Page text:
So down he trundled and creaked, his hat at a rakish angle, his notebook and pencil in a capacious pocket, at the ready. The heat of the day hit him as he stepped out; all day it had been quietly storing up in the walls of the building, and now unleashed itself. Fortunately he had thought to pack a handkerchief in his other pocket, and dabbed briefly at his forehead. There was a little bridge at the further end of the canal; he strolled towards it and stood awhile, gazing at the stonework, marvelling at the moss-covered porous brickwork and the plants climbing in between the bricks and stones. He was so absorbed in the study of this landscape he scarcely noticed the quiet swirl of water behind him, the gentle rasp of wood against stone. A rumbling clearing of the throat startled him; he turned round to see a figure in a boat, outlined in the strong, low light of the evening sun. The figure bowed, lifting its large, feathered hat in a grand sweeping gesture. Mr Thomas was so taken aback that he paused awhile before speaking. The figure cleared its throat once more, and placing a well-filled gauntlet across its chest, spoke.

‘So you have come at last,’ it said. ‘Out for an evening stroll, are we ?’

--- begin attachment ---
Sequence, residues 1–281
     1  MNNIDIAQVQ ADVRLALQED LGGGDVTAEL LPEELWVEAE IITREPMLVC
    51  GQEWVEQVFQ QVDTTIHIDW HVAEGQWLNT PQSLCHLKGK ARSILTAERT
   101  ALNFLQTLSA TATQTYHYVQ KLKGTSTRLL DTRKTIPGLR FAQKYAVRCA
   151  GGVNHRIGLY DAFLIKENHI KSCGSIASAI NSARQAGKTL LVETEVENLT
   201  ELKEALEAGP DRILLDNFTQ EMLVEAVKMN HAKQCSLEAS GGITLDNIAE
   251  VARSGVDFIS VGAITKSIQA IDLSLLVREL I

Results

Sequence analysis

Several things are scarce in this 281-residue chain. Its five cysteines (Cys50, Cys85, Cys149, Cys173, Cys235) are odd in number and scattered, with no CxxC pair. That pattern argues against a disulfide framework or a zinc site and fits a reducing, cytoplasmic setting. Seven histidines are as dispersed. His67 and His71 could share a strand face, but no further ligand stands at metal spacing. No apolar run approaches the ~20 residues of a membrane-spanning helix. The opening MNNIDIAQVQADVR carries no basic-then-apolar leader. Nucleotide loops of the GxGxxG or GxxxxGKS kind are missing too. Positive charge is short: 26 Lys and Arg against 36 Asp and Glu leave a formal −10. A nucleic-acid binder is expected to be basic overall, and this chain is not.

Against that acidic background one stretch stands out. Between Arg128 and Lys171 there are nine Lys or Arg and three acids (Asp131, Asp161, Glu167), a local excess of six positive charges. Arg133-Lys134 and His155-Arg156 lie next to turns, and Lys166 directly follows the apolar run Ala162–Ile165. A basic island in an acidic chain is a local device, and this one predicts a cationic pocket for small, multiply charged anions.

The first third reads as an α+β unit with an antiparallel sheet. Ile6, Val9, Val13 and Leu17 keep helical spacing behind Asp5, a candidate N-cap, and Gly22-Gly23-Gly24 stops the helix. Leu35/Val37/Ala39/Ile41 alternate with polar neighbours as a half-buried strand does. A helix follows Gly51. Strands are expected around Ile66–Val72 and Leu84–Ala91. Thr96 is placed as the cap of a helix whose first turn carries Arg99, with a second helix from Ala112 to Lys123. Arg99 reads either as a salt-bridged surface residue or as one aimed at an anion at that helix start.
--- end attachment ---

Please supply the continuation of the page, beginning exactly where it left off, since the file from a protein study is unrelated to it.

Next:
‘Yes, that is so. And you – business is not quite what it could be, I take it ?’

The boatman shrugged. ‘I do not need it, as such. Come here a lot, do you?’

‘Every summer for the last few years.’

‘I do not recall seeing you before. But then, I am often busy.’

‘Indeed,’ rejoined Mr T., politely refraining from commenting that he had certainly never seen anything like the boatman before.

‘And what will you be having for dinner tonight ?’ added his companion carelessly.

Mr T winced slightly at the thought of Lucia’s cooking.

‘The housekeeper makes dumplings rather often.’

‘Ah, but you are not so enthusiastic about them, is that the case ?’ replied the ca- replied the boatman. Mr T could not help himself thinking of whiskers – and he could have sworn he heard a licking of chops.

‘In fact, you would prefer to give them generously to a cat than to eat them yourself, or am I mistaken ?’ So he had been seen feeding the tabby.

‘Let us see if we can tempt  your appetite with something more interesting . . .’

‘I may as well tell you my friend, I have no money for fares.’